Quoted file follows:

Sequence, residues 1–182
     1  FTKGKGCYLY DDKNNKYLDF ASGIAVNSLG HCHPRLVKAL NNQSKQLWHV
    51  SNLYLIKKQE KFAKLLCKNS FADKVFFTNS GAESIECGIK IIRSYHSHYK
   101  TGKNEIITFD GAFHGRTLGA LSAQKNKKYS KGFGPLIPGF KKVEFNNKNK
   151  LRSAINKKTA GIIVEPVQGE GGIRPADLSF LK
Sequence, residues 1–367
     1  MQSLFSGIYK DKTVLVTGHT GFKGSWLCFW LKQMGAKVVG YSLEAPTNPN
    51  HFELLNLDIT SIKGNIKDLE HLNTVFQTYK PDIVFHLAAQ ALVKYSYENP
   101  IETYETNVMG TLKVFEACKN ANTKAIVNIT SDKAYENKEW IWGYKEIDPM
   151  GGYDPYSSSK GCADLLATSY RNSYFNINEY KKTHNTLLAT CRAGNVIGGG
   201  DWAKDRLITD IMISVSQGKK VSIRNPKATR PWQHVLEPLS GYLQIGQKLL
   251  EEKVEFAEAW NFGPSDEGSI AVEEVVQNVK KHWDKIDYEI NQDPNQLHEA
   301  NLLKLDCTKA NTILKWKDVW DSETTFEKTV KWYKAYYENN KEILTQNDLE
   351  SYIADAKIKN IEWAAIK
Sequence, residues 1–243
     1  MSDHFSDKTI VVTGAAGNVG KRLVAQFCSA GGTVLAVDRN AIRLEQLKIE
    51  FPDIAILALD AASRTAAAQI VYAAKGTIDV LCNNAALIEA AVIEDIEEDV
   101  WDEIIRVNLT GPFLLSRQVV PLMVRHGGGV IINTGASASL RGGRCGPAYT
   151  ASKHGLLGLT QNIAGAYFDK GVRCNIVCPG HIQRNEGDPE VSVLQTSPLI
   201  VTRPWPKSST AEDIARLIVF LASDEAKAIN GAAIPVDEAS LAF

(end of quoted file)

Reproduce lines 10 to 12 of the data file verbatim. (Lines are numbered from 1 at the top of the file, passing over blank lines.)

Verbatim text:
   151  GGYDPYSSSK GCADLLATSY RNSYFNINEY KKTHNTLLAT CRAGNVIGGG
   201  DWAKDRLITD IMISVSQGKK VSIRNPKATR PWQHVLEPLS GYLQIGQKLL
   251  EEKVEFAEAW NFGPSDEGSI AVEEVVQNVK KHWDKIDYEI NQDPNQLHEA